Pimping a book: Wired for Story by Lisa Cron
Saturday October 26, 2013 | By Hieronymus Hawkes | Novel Review
Every writer should read this book. It has great insight into how the brain and the written word interface and the avenue is via story. Fantastic learning tool for writers of all ability levels.
I was turned on to Wired for Story through an interview Chuck Wendig did with Lisa Cron in July 2012 for his blog Terribleminds. She gave us her views on developing story. Lisa has a very fresh take on the importance of STORY and how it relates to the human brain. She is a producer for Showtime and Court TV, a writer, and also teaches a writing course at UCLA, but spent the last ten years researching the connection between neuroscience and how the brain relates to stories. It’s quite fascinating and illuminating, allowing us to learn techniques that will make our story click with the reader. They can’t help themselves, the brain is hard wired for receiving stories and if we can strike the right chord it will resonate within the readers mind.
On Lisa’s blog she touched on why books that get panned by critiques can still sell at amazing rates. It answers the question as to why books like 50 Shades of Gray can sell millions of books. I remember picking up The Hunger Games, because my wife and daughter love it, and reading the first couple of pages and saying to myself, the prose just aren’t all that, but next thing I knew I was 100 pages in and couldn’t put it down. Stephanie Myers’ Twilight books have been criticized for not having elaborate prose also, but the one thing all of these books have in common is they tell a great story and in a way that touches those chords in the mind.
Wired for Story is broken down into twelve chapters with a cognitive hook and a writer’s shortcut she calls the story secret for each chapter. She gives us concrete examples for each section of the book and breaks down what the writer is doing.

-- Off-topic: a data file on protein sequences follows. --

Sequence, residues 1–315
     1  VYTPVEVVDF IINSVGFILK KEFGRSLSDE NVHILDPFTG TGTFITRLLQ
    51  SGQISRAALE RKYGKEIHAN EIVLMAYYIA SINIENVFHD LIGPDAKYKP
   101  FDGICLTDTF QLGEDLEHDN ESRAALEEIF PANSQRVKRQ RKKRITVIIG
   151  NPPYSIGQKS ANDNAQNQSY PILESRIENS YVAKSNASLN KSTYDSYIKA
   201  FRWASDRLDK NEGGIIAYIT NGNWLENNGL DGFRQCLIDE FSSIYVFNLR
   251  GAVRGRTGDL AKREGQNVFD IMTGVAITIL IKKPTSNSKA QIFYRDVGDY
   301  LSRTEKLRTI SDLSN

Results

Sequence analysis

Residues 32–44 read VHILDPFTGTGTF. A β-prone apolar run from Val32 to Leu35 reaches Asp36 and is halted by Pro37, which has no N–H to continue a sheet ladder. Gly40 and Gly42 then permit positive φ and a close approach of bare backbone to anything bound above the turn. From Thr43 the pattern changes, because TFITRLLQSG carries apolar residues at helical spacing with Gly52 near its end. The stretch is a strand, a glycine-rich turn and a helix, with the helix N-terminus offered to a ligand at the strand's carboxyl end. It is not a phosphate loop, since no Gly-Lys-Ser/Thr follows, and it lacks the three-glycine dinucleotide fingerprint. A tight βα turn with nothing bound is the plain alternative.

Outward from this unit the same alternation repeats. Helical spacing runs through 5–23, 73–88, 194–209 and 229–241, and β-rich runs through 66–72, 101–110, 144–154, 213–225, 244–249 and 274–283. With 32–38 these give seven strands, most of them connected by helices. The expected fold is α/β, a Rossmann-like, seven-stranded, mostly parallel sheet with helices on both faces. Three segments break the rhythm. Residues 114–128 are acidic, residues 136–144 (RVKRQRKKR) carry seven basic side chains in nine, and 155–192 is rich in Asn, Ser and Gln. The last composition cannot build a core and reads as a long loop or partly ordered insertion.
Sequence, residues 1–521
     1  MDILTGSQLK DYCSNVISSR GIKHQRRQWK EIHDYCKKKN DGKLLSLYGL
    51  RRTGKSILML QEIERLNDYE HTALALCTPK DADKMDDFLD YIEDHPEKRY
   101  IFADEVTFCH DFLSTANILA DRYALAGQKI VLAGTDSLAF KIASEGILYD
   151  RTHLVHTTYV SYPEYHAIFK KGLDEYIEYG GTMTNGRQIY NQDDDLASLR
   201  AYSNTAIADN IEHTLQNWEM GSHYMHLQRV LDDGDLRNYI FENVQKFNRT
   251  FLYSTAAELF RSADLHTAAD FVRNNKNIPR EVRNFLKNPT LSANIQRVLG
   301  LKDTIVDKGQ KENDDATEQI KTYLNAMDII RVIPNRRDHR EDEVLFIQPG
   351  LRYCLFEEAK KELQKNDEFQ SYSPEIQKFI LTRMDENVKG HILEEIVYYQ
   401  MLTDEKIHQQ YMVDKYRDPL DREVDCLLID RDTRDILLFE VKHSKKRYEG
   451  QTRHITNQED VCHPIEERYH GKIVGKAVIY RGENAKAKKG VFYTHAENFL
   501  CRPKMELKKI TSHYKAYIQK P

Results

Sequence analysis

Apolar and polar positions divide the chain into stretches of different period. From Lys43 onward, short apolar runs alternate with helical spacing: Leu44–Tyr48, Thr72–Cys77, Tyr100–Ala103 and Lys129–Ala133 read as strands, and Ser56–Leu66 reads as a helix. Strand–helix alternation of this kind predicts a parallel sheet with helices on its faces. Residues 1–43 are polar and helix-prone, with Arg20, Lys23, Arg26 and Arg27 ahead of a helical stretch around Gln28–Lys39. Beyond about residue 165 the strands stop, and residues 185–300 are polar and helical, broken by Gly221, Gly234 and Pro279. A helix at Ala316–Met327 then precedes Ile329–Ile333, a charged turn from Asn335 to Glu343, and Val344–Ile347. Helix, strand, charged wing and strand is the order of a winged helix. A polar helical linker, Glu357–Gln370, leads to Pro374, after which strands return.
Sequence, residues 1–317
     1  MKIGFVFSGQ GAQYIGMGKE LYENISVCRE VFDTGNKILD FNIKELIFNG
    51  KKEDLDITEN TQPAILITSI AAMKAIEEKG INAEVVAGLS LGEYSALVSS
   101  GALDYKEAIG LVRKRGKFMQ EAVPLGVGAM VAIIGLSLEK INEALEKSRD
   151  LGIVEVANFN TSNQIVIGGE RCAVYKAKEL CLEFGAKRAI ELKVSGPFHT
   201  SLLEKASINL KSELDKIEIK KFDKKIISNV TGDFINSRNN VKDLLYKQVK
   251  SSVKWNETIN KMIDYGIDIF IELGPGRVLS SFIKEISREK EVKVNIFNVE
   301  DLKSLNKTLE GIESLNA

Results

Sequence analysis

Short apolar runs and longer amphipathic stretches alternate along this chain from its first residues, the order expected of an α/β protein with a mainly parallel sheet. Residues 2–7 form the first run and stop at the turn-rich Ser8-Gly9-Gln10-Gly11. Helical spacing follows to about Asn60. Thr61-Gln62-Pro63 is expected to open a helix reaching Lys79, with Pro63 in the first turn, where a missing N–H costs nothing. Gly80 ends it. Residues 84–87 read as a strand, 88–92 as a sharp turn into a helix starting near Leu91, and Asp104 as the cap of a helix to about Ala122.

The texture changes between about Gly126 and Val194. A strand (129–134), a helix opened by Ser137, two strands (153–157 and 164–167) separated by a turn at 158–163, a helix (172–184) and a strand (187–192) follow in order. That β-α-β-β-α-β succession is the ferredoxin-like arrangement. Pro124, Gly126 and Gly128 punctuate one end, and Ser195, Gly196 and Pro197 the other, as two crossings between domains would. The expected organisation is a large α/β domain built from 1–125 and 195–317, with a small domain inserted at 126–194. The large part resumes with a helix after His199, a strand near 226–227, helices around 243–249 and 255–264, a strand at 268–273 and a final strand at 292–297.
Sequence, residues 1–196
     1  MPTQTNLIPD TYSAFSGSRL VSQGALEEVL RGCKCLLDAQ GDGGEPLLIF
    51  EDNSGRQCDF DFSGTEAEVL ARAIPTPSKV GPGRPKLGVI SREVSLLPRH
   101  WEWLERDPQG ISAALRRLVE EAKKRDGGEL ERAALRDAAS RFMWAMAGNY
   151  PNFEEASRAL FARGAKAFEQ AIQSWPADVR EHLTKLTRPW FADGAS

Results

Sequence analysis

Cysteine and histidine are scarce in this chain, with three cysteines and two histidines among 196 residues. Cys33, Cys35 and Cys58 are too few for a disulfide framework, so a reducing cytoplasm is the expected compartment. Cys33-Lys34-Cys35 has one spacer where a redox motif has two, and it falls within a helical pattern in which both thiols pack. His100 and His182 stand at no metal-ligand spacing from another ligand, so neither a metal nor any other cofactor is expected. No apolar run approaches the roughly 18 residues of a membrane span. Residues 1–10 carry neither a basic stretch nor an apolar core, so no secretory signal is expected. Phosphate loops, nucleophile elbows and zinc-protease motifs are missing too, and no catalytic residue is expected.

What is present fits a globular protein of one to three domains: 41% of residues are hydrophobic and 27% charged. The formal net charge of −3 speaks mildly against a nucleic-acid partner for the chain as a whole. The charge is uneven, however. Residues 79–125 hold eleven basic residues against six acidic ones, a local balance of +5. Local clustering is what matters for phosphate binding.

The concept is amazing — we are designed to think in story form. It allows us to use a form of mental telepathy with the story teller, that when done right is an experience almost as visceral as the real thing. It allows us to learn by using the experience of the story instead of having to live through something to learn it the hard way. It has certainly saved lives. The takeaway for Lisa is that we need to hook the reader from the very first sentence. She opens up her book with some fascinating facts about how the brain filters the 11 million bits of information that are bombarding us every second. Wham, she has me right away. Learning through story has been saving mankind since the stone age.
Next, she explain in very clear terms what story actually is:
“What happens” is the plot.
“Someone” is the protagonist.
The “Goal” is what’s known as the story question.
And “how he or she changes” is what the story itself is actually about.
As counterintuitive as it may sound, a story is not about the plot or even what happens in it. Stories are about how we, rather than the world around us, change.
She continues with ways to hook the reader. Tidbits like “nothing focuses the mind like surprise” and “we are looking for a reason to care” and “we need to meet the protagonist as soon as possible” cut right through the b. s. and give us concrete clues. She describes the reasons we need to be clear in our writing so that the reader can anticipate what might happen next. That is what will keep them turning the page.
She also has an interesting take on writing style. She claims that “learning to ‘write well’ is not synonymous with learning to write a story. And of the two, writing well is secondary.” This probably won’t go down well with literary fiction fans, but for genre writers the message is clear — tell us an interesting story.
She describes the relationship of theme with plot and how tone is just as important has what you are saying. The key to the whole thing lies with emotion. It determines the meaning of everything. If we aren’t feeling we aren’t conscious, and we certainly aren’t reading the book if it’s not reaching us on an emotional level.
She breaks down the use of POV for conveying feelings and thoughts. She is not a fan of head hopping, because it is so jarring if done poorly.
She describes the essence of why showing is so much more effective than telling.
Cause and effect has its own chapter and it clearly delineates why each scene should ask “What is at stake here?” Everything needs to be connected together so that it can make sense. She also discusses how to stay focused on the cause and effect and still keep things unpredictable.
She closes the book with a chapter on revision and how to do it right, adding in the layers that take a book to the next level. This book is so chock full of useful advice, and I’ve only touched on a few things here. It should be mandatory reading for every beginning level writing course. She opened my eyes to thinking about writing in a completely different way. The tools are the same, but it’s all in the focus. I can’t say enough positive things about this brilliant book.